PM Nawaz wants peace with India, Taliban
24 August, 2013
LAHORE: Prime Minister Nawaz Sharif has stressed the need for having cordial relations with India, as well as holding peace talks with the Taliban.
Talking to the Telegraph in his first interview since returning to office, Nawaz said that made it clear that he sees his election victory as a mandate for peace with India.
Talking with genuine feeling about the need for reconciliation with Pakistan's oldest rival, he said, "There will be progress and there has to be progress... If we have to prosper, there has to be progress on this."
"We didn't have any India-bashing slogans in the elections. We don't believe in such slogans. There have been such slogans in the past – 10 years ago, 20 years ago, 30 years ago – but not now. In fact, I very clearly spoke about good relations with India even before the elections were happening."
He said that he made his position very clear that "if we get a mandate, we will make sure we pick up the threads from where we left off in 1999 and then reach out to India, sit with them, resolve all our outstanding issues, including the issue of Kashmir, through peaceful means".
On his telling, Nawaz offers continuity not change; after all, he believes his previous governments were success stories, the Telegraph reported. "We did deliver," he said. "We were able to meet the expectations of the people to some extent. That is why we were re-elected in 1997 and that is why we have been re-elected in 2013."
"If I take you back to Nineties, our party came up with very bold reforms in the country, economic reforms. They were really revolutionary reforms." During his first premiership between 1990 and 1993, Nawaz privatised banks, insurance companies and key industries. In his mind, he brought the free market not only to his homeland, but to India as well. "India was taken aback, frankly. India felt that India must also have same reforms in India as Pakistan," he said in the interview. "There was tremendous pressure on the Indian government, I know, that India should also copy the reforms that Pakistan has introduced."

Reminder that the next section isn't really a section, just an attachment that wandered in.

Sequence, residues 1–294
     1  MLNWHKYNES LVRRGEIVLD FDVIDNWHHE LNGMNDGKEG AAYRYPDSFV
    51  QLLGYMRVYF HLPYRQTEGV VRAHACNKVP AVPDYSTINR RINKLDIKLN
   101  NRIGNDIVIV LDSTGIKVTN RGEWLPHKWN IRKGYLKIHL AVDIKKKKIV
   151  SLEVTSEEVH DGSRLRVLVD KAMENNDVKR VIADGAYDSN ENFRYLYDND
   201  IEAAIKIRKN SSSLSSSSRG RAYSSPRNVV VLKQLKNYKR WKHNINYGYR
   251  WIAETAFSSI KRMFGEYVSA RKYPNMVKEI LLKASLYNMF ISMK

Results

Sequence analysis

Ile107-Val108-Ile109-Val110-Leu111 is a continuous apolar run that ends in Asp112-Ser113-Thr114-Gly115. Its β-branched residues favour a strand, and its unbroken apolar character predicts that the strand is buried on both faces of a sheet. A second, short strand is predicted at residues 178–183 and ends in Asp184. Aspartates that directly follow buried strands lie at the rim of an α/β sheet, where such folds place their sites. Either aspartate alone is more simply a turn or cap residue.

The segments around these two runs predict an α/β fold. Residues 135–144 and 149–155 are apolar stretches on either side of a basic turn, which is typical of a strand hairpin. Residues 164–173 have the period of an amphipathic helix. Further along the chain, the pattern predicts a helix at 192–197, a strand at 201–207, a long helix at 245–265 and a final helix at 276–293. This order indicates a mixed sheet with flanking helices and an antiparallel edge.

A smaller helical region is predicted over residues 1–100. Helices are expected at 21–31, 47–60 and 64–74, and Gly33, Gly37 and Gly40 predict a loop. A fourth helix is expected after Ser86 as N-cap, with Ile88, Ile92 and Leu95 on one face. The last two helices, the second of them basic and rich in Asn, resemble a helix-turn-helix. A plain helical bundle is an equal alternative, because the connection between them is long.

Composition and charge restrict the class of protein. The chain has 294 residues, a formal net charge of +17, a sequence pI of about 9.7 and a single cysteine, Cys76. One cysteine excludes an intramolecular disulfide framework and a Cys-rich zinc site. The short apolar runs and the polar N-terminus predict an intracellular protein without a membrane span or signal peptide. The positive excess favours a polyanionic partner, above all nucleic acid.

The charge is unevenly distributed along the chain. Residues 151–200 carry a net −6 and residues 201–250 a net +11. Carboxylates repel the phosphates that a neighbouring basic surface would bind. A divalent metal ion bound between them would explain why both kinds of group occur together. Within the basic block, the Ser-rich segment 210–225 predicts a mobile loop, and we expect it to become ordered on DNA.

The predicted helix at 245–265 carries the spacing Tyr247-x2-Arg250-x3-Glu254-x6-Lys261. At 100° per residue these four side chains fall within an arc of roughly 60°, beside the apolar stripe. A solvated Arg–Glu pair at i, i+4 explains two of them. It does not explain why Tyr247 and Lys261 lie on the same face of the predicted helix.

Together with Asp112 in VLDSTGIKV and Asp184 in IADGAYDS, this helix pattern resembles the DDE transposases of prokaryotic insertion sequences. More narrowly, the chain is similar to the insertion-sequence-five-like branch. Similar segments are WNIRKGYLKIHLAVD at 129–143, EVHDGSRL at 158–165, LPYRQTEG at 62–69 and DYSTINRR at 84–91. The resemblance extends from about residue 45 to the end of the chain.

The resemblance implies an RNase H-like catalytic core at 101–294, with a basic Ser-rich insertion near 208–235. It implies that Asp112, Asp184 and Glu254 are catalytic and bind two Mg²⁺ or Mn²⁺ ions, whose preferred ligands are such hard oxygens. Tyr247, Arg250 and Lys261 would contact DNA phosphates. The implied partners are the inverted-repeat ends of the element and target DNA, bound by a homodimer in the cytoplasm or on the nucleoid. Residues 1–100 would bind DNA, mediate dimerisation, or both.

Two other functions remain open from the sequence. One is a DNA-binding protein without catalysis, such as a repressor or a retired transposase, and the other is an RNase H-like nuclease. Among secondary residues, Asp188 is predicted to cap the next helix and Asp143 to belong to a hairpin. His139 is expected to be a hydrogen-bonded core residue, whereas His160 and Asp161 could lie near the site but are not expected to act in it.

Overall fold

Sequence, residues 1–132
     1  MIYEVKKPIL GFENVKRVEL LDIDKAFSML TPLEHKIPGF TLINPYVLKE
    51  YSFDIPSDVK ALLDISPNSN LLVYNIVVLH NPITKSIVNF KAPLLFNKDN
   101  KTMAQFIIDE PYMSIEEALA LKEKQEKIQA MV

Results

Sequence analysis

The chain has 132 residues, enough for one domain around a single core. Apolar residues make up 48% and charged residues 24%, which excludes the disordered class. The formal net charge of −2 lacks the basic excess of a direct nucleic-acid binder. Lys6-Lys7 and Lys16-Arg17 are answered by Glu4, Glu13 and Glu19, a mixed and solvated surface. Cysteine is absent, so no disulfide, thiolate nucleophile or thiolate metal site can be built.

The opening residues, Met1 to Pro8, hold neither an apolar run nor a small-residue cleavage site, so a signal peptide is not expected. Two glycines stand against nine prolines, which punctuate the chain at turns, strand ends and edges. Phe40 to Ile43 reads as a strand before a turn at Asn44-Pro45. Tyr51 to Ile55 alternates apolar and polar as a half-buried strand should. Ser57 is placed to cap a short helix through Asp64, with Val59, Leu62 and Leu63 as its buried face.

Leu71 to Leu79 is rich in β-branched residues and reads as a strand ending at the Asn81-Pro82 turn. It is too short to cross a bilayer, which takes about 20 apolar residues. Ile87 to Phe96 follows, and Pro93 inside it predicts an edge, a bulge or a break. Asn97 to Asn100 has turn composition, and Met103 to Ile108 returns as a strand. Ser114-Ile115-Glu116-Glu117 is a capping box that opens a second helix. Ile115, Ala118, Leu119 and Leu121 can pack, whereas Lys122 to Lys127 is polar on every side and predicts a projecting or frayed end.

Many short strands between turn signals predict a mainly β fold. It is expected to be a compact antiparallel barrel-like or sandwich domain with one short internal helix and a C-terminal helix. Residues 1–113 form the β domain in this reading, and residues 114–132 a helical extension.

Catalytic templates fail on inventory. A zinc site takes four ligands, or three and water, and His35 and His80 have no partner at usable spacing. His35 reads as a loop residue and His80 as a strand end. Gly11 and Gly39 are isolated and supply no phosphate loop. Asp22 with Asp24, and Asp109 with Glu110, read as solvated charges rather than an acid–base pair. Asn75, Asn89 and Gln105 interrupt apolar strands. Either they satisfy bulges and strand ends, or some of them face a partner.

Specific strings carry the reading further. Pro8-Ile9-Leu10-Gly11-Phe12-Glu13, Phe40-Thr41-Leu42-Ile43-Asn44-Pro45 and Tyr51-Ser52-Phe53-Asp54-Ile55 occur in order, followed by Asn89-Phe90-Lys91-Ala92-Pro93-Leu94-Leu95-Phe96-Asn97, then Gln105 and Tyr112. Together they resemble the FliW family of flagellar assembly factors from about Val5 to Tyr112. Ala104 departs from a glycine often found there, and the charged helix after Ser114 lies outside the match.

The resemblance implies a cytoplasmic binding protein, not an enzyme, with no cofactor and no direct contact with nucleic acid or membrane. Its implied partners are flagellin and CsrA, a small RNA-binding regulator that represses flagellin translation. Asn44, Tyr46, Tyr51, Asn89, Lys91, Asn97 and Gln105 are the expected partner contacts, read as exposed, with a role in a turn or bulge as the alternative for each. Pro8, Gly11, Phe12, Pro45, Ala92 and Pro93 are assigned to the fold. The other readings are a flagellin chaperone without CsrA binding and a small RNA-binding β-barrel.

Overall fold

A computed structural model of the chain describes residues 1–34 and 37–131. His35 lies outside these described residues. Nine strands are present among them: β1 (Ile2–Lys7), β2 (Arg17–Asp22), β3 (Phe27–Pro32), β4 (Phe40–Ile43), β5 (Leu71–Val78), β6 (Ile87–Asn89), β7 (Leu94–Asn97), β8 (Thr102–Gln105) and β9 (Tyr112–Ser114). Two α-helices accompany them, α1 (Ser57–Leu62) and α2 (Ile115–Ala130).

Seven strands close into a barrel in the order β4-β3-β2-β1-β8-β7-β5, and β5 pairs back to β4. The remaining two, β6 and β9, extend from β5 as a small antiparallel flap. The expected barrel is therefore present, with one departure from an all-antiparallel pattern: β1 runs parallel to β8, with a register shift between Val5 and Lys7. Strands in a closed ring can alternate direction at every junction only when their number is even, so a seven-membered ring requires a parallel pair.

During his first premiership between 1990 and 1993, Nawaz privatised banks, insurance companies and key industries. In his mind, he brought the free market not only to his homeland, but to India as well. "India was taken aback, frankly. India felt that India must also have same reforms in India as Pakistan," he said in the interview. "There was tremendous pressure on the Indian government, I know, that India should also copy the reforms that Pakistan has introduced."
Nawaz said his government would produce a new national security strategy in the next few weeks, and that the emphasis will shift away from force and towards negotiation with the Taliban.
"Of course we're fighting each other," he said. "I believe that there may be no harm in exploring the other option of having dialogue with them if they're at all serious, and if we find them serious enough – and if we think that talks can yield positive results."
If Nawaz achieves peace with India and a settlement with the Taliban – two monumental ifs – he could yet be a transforming leader, the newspaper reported.
He seemed aware of the burden of responsibility. "I have to make sure we do the right things," he said. "We have to make sure we tread the right path, pursue the right policies – and not make any mistake."
As for Pakistan's tortured relations with America, he described the drone campaign on the Afghan frontier as the No 1 'irritant', adding, "The drones are counter-productive, they are violating our sovereignty and we must respect each other's territorial sovereignty and if the drones are challenging our sovereignty this is not a fair thing."